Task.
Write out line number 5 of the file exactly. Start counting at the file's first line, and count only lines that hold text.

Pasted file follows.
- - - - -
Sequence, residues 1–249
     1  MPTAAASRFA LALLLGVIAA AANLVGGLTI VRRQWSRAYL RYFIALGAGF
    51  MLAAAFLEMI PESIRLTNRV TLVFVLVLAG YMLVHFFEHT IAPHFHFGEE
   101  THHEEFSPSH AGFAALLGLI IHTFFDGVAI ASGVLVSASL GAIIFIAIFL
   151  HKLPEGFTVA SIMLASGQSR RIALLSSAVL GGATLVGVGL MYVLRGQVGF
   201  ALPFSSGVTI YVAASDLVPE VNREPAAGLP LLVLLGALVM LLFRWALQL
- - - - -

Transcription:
   151  HKLPEGFTVA SIMLASGQSR RIALLSSAVL GGATLVGVGL MYVLRGQVGF